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PREFACE. Ilow far the subscribers to these two volumes may think it proper to encourage the rest, must be referred to themselves. In the mean time, as that must be exceeding precarious which depends on the continuance of one man's lise and health, I would desire permission here to take leave of my friends, at least for the present, with such a serious address as may be the most substantial expression of my sincere gratitude and respect.

I should have tbought, nty honoured friends, that I had made you a very unworthy return for this public token of your regard to me, if I had offered you merely an amusement, though ever so critical and polite. It had been much better, on both sides, that the work should never have been undertaken or perused, than that these Divine authors should be treated like a set of profane classics; or that the sacred and momentous transactions they relate should be handled and read like an invented tale, or a common history. I have often reminded myself of it, and permit me now, Sirs, solemnly to remind you, that these are the memoirs of the holy Jesus, the Saviour of sinful men, whom to know is life eternal, and whom to neglect is ererlasting destruction. I'c have here the authentic records of that gospel which was intended as the great medicine for our souls; of that churucter which is our pattern; of that death which is our ransom; of him, in short, whose name we bear as we are professed Christians, and before whose tribunul we are all shortly to appear, that our eternal existence may be determined, blissful, or miserable, according to our regard to what he has taught, and done, and endurerl. Let not the greatest therefore think it beneath their notice ; nor the meanest imagine, that, amidst all the most necessary cares and labours, they can find any excuse for neglecting, or even for postponing it.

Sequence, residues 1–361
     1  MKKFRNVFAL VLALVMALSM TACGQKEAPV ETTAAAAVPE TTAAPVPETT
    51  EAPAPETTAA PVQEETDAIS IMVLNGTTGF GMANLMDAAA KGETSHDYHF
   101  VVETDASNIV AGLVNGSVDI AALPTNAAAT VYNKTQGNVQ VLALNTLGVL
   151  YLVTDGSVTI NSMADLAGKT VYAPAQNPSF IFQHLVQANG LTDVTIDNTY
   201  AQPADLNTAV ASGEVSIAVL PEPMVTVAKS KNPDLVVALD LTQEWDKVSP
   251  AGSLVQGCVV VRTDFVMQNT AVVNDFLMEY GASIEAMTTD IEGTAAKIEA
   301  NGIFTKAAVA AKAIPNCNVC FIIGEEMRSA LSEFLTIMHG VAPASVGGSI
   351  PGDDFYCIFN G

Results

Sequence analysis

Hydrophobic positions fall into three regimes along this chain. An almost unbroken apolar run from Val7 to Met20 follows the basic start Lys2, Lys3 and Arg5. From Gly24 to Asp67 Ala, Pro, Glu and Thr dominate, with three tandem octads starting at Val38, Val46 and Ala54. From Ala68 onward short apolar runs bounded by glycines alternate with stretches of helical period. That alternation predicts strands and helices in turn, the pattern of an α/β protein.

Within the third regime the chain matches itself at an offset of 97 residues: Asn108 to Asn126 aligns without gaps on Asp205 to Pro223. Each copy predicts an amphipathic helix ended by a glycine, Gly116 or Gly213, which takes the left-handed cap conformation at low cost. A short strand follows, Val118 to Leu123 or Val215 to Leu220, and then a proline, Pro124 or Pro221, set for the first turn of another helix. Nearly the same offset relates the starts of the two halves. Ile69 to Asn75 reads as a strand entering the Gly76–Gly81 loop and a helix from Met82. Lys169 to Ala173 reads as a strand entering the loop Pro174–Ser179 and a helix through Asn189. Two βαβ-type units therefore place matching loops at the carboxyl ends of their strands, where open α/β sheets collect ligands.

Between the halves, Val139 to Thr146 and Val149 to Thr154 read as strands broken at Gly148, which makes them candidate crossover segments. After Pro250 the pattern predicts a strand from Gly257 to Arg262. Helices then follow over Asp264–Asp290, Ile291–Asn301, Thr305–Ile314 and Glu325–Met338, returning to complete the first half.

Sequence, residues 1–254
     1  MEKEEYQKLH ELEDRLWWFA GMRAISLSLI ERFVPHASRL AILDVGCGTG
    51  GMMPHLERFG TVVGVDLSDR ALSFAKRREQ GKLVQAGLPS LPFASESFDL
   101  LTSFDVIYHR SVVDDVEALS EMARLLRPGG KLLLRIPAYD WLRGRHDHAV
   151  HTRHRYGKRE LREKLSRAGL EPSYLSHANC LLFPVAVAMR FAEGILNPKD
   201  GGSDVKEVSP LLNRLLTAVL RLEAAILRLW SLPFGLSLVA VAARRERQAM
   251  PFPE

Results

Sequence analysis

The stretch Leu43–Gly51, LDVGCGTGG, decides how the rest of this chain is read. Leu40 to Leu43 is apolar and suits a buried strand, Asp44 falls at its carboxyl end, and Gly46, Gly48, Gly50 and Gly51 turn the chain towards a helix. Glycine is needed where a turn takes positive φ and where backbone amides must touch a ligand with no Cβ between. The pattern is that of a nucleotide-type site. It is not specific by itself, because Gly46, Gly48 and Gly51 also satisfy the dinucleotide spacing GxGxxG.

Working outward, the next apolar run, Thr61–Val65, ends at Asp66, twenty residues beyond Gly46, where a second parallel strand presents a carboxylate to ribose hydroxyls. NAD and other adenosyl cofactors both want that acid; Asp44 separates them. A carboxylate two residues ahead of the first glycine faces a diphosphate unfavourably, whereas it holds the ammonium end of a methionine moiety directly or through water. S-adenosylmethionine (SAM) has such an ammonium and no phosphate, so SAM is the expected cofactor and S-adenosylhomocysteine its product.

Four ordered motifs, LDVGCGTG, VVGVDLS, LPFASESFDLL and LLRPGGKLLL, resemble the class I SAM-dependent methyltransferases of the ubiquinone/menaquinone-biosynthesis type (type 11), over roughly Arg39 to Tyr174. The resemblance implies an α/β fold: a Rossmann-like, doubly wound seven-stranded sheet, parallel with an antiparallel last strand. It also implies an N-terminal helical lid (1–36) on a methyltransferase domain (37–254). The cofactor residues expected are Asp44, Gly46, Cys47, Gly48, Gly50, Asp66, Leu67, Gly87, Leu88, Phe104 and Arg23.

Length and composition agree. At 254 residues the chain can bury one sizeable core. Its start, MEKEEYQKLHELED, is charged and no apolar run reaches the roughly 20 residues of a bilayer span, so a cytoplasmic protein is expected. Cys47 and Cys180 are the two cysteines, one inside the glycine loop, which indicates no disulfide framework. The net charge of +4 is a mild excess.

Had I not been fully convinced of the certainty and importance of Christianity, I should not have determined to devote my whole life to its service (for on the principles of nutural religion, I know the soul to be immortal, and should expect nothing but its ruin in the ways of the most sanctified fraud :) but as I am thus convinced, I must make it my humble request to every one that enters on the perusal of these volumes, that they may, for a little wbile at least, be the employment of his retired hours; and that as he proceeds from one section to another, he would pause and reflect, " Whose words do I hear ? Whose actions do I survey? Whose sufferings do I contemplate ?” And as all must know they are the words, the actions, and the sufferings of Jesus the Son of God, our supreme Lord, and our final Judge, let it be farther and very seriously inquired in what degree the obvious and confessed design of the glorious gospel has been practically regarded and complied with : “ Can I, in my heart, think that I am a disciple whom such a Master will approve, and whom he will choose for his attendant in that world of glory to which he is now gone?” Let the plainness of this advice be forgiven ; for such is the temper and conduct of most who call themselves Christians, that, if this religion be true, their cold and unaffecting knowledge of the history of Christ, and of the purposes of his appearance, will only serve to furnish out matter for eternal self-accusation and remorse : and he is, at best, but a learned and polite infidel who would not rather be the instrument of conducting the lowest creature, capable of reading of hearing these lines, to the saving knowledge of a crucified Redeemer, than fill the most refined nation with his own applause, while the grace of the Saviour is forgotton, or his service neglected.

I have yet one farther request to add to those of my readers who are heads of families ; which is, that they would please to remember the title of the work, and consider it as chiefly intended in its most essential parts, for a Family Expositor. Í heartily rejoice in the reason which I have to hope, that low as our religious character is fallen in these degenerate days, acts of domestic worship